Angel Road headteacher hits out at Ofsted inspectors
A Norwich headteacher has criticised the 'unprofessional' way Ofsted carried out an assessment of his school.
Len Holman, headteacher at Angel Road Infant School, in New Catton, said 'the quality of the inspection fell woefully short of acceptable standards'.
Ofsted downgraded the school to 'satisfactory' having been rated 'good' and praised for its dramatic improvement in 2009.
Mr Holman said the judgement had come as a surprise, after the school had worked hard to continue developing, but he would have accepted it had he felt the inspection had been fair. He said: 'It's very galling. I expect to be held to account professionally – I have no problem at all with that. The school means everything to us. You invest emotionally. You can accept a judgement providing the inspection is carried out professionally, accurately and the school is challenged.'
The headteacher said the lead inspector had arrived late on both days, kept people waiting for meetings, and no-one from Ofsted had spoken to him at all on the second day other than to deliver their judgement.
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Mr Holman, who is also headteacher at the federated Angel Road Junior, said: 'I'm a veteran of eight inspections. They are always incredibly rigorous, challenging, and at the end of the day you feel totally exhausted. This latest inspection ticked none of those boxes.'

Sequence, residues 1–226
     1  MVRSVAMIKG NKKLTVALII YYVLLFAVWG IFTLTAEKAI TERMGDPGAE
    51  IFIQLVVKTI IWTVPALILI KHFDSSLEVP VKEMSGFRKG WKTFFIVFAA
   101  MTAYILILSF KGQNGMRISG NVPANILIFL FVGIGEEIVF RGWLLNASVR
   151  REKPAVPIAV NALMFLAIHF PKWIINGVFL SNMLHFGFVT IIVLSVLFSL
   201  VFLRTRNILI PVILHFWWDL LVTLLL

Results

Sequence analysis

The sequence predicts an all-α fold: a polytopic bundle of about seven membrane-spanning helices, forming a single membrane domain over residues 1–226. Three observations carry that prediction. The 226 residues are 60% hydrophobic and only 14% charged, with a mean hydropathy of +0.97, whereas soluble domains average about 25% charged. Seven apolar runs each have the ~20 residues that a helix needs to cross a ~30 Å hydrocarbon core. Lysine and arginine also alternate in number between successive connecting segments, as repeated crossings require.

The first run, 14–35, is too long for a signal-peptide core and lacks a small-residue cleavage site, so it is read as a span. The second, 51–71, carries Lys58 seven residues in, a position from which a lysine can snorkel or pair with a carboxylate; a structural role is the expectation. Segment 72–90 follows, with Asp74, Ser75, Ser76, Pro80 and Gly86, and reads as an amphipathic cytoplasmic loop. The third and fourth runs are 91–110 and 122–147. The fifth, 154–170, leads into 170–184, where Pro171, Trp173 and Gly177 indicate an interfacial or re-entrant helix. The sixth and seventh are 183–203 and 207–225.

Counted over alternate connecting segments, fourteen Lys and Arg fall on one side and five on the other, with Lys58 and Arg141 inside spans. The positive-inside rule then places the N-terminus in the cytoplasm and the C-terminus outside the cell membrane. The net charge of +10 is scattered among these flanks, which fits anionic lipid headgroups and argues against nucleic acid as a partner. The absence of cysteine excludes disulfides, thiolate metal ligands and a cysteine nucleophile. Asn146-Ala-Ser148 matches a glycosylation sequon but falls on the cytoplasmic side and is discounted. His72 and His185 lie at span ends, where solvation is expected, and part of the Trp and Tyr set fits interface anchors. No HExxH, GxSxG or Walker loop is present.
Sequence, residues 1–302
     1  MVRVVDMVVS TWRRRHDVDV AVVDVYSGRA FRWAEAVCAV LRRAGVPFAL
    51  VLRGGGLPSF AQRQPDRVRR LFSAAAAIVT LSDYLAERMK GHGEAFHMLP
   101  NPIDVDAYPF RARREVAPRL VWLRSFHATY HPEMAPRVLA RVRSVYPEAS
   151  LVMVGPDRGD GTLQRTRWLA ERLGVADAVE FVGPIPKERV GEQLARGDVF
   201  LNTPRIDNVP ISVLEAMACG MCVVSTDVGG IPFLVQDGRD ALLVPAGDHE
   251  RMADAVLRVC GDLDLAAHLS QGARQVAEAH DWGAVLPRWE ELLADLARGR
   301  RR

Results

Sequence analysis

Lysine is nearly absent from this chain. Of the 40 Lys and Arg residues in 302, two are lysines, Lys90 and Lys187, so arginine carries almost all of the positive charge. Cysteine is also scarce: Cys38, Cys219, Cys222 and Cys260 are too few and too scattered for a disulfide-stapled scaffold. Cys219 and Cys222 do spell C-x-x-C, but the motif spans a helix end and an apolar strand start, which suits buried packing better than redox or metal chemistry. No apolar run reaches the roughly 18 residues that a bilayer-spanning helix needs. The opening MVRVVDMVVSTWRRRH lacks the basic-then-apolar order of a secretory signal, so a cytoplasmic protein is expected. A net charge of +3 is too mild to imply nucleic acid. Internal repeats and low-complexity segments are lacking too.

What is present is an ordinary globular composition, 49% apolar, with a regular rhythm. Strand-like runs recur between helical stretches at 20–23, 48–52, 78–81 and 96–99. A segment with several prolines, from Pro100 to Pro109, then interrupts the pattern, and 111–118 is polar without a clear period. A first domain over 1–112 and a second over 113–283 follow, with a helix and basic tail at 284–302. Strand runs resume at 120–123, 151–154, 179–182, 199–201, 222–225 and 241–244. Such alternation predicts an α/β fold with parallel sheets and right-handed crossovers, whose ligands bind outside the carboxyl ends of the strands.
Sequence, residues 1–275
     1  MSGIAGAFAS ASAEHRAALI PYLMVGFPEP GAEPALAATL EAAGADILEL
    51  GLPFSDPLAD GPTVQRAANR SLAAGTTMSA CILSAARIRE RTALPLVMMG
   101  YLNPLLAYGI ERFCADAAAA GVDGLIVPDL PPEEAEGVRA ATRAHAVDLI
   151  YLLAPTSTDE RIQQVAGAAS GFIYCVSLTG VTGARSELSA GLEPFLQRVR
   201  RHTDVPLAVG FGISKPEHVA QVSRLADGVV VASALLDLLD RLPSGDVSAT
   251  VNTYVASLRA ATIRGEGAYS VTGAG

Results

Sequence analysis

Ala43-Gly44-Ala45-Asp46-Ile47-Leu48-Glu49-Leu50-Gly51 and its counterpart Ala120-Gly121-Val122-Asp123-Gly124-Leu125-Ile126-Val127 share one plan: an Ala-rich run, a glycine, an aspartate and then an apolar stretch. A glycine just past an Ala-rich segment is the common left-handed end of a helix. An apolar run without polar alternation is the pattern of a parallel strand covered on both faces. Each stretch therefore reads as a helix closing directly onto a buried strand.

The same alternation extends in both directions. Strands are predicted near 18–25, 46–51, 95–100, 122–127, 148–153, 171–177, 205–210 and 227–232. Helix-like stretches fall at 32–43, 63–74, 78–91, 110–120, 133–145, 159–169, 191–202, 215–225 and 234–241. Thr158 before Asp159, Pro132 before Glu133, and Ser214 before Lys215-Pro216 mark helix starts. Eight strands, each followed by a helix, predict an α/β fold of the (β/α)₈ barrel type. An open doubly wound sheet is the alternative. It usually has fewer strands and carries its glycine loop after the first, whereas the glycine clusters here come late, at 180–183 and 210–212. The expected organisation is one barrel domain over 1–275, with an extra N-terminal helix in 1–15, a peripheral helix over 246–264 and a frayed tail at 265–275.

Yesterday, the school received a response from Ofsted which upheld two of the complaints, including one relating to the use of out-of-date test results, and promised lessons would be learned.
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Regarding the lead inspector's time-keeping, it said: 'It is clear from the evidence gathered it kept the governing body waiting for a considerable amount of time.
'I conclude the lead inspector acted inappropriately.'
The final report – which has now been re-published following the complaint – rated the school as 'satisfactory' with 13 'good' judgements.
Summing up, it said: 'The school provides a satisfactory quality of education for all its pupils, no matter how diverse their needs may be. This is achieved within a warm and caring learning environment so that pupils feel very safe and happy.'
Inspectors have asked staff to continue raising standards in maths by challenging pupils of all abilities and recommends finding ways to ensure more able pupils are not left waiting while others catch up.
Mr Holman acknowledged there was a significant amount of praise in the report but said: 'It was difficult to focus on the positives.'